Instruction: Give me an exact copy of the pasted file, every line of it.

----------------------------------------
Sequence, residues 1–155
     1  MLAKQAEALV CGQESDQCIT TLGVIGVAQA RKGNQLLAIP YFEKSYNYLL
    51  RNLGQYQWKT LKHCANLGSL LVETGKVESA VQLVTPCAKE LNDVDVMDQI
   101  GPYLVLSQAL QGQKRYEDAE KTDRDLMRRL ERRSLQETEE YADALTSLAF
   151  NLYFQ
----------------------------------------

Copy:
Sequence, residues 1–155
     1  MLAKQAEALV CGQESDQCIT TLGVIGVAQA RKGNQLLAIP YFEKSYNYLL
    51  RNLGQYQWKT LKHCANLGSL LVETGKVESA VQLVTPCAKE LNDVDVMDQI
   101  GPYLVLSQAL QGQKRYEDAE KTDRDLMRRL ERRSLQETEE YADALTSLAF
   151  NLYFQ